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2020 MINI Cooper SE Hardtop Electric Review By Larry Nutson

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The first all-electric MINI


By Larry Nutson
Executive Editor and Bureau Chief
Chicago Bureau
The Auto Channel

MINI has plans for a realignment of its model range, with a clear focus on drivetrain technologies. “The future core portfolio of all-electric vehicles will include the MINI 3-Door Hatch, a new crossover model in the small-car segment and a compact crossover model,” MINI recently said in a statement. 

The 2020 MINI Cooper SE 3-door hatch is the automaker’s first all-electric model. In response to over 15,000 hand-raisers, in December 2019 MINI USA announced that consumers could place their order for the all-new battery electric MINI Cooper SE for delivery starting in March 2020.

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With a price tag starting at $29,900 the SE has an EPA-rated driving range of 110 miles per charge from a 29.8 kWh lithium-ion battery. The SE qualifies for the Federal EV tax credit of $7,500 along with available State EV incentives.  MINI says in some cases, qualified consumers can get a MINI Cooper SE below $20,000.

I recently spent a week living with the 2020 MINI Cooper SE driving around on battery power going about doing my daily routine. The White Silver metallic SE I drove was equipped with the $7,000 Iconic trim which brought the price to $36,900. MINI also offers a Signature trim for $4,000 additional, or a total of $33,900. Destination charge is $850.

I’ve had previous experiences driving a battery electric vehicle (BEV) around my Chicagoland home. I quickly realized that in a densely populated city I actually don’t drive many miles going about routine business and household matters. There is little to no concern over driving range. Much of what I do is within a 5-mile radius.

And actually, you can get more than 110 miles from a full battery charge through the wonders of regenerative braking. The MINI Cooper SE comes standard with a two-mode regenerative braking system to help maximize the recharging of the battery while also meeting your personal driving style preference. Driving from stop sign to stop sign puts charge back into the battery using the car’s inertia as you decelerate. The higher level of regenerative braking lets you drive with one foot since the MINI can be brought to a gentle stop by the system.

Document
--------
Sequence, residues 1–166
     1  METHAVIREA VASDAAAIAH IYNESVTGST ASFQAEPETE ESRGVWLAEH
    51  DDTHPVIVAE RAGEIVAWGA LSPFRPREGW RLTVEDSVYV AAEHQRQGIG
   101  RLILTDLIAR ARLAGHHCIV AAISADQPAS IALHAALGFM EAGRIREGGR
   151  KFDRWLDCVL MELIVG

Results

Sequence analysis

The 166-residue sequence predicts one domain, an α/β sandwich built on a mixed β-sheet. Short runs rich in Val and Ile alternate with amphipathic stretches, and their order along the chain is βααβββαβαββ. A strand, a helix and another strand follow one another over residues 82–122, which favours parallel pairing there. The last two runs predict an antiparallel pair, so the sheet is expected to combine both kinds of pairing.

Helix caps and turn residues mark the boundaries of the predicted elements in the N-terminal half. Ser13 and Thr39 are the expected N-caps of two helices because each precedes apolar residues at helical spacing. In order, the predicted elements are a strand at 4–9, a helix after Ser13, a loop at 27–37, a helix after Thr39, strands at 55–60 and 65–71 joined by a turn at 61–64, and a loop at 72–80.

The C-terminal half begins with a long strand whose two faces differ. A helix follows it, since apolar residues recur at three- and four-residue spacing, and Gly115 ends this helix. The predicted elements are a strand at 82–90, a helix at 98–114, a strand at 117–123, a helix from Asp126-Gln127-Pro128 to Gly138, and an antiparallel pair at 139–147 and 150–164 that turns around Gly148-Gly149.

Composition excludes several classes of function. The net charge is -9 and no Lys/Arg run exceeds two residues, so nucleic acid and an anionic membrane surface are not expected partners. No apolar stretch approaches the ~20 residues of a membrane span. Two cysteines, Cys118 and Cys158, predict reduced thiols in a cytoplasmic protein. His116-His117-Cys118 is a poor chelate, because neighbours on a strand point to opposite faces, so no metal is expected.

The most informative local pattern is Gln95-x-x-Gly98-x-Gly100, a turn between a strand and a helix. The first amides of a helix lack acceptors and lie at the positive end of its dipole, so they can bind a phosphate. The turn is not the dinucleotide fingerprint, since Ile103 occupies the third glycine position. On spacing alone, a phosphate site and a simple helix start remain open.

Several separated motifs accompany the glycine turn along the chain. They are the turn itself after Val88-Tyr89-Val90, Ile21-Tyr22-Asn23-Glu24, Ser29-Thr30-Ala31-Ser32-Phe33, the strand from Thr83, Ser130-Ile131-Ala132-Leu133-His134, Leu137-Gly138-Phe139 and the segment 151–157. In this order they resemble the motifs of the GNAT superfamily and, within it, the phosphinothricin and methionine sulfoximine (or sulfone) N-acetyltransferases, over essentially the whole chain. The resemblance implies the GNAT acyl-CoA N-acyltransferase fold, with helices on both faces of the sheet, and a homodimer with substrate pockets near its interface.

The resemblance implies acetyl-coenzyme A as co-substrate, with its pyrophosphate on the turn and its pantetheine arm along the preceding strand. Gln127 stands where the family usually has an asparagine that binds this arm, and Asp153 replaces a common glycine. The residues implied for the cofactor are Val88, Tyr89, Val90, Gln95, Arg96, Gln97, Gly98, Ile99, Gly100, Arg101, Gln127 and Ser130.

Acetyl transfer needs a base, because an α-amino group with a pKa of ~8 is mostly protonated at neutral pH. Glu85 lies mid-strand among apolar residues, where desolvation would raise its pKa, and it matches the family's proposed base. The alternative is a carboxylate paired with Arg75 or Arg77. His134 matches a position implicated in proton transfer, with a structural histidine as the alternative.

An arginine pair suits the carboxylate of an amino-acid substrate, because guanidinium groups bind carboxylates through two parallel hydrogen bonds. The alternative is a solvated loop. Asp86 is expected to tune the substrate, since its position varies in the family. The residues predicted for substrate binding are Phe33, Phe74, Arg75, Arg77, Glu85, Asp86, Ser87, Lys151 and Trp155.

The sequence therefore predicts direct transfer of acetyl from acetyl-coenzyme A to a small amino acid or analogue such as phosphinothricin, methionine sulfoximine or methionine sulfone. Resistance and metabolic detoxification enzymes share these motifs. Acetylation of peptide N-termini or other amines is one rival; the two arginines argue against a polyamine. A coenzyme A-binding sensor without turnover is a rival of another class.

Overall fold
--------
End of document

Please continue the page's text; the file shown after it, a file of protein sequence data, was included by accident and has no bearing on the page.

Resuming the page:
I don’t have access to an EV charger or even a 120v plug in the secure parking lot I use. However, a short 10-minute walk from my home is a supermarket with two free 240V Level 2 charging stations. I simply plugged in, walked home and then returned in a couple hours to many more miles of driving.

The MINI Cooper SE comes standard with Level 2 AC Charging at up to 7.4 kW, which allows for a 100% charge in as little as 4 hours, as well as Level 3 DC Charging at up to 50 kW, which allows for charging at public stations in as little as 40 minutes to achieve an 80% charge.

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The MINI Cooper SE drives like an electric go kart. It’s a true performance car that retains all the fun-to-drive attributes of a MINI. The front-wheel drive electric motor generates 181hp and 199 lb.-ft. of torque enabling the MINI Cooper SE to go from 0 – 60 mph in 6.9 seconds and achieve a top speed of 93 mph.

The SE sits a bit higher with an increase of 18 mm (0.7 inch) to accommodate floor mounted battery packs. The Goodyear Eagle F1 205/45R17 tires mounted on SE-specific Power Spoke wheels provide plenty of grip.

By the way, tire pressure is important for proper handling and also for good efficiency. Too low tire pressure will result in lower driving range on an EV. Check tire pressure monthly.

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The interior of the SE is just like most every MINI. With seating for four, the front two are decently roomy but the rear two are for occasional use by small folk. Premium features such as heated front sport seats with adjustable thigh support, power-fold outside mirrors, moonroof, Harmon Kardon premium audio, Apple CarPlay, wireless charging, navigation and head-up display all made for driving pleasure in my Iconic trim SE.

In spite of the small rear seat, open the rear hatch and fold down the 60/40 split-folding rear seat and there’s a decent amount of cargo room.

You can check out the MINI Cooper SE and the entire MINI model range at MINI says the SE base price is unchanged for 2021.

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Overall the 2-door SE Hardtop drives like every MINI. With its low center of gravity and the Eagle F1 tires it handles with confidence. There’s plenty of zip and strong acceleration. The premium finish of the cabin makes for lots of comfort. The compact outside dimensions make it a perfect city-car. The average daily commute across America is 16 miles. Most folks would be okay with the MINI’s 110 mile range. If you can charge both at home and at work you are golden.

There’s a lot yet to be done across the U.S. to provide the EV charge station infrastructure needed to make life easy with a BEV and similar to going to a gas station. EVs work very well in large densely populated cities. However, many city residents live in multi-unit dwellings (MUD) and therein lies a need for convenient charge stations. Curbside charging is also a need to support all the on-street parkers.

We’ll get there.

© 2020 Larry Nutson, the Chicago Car Guy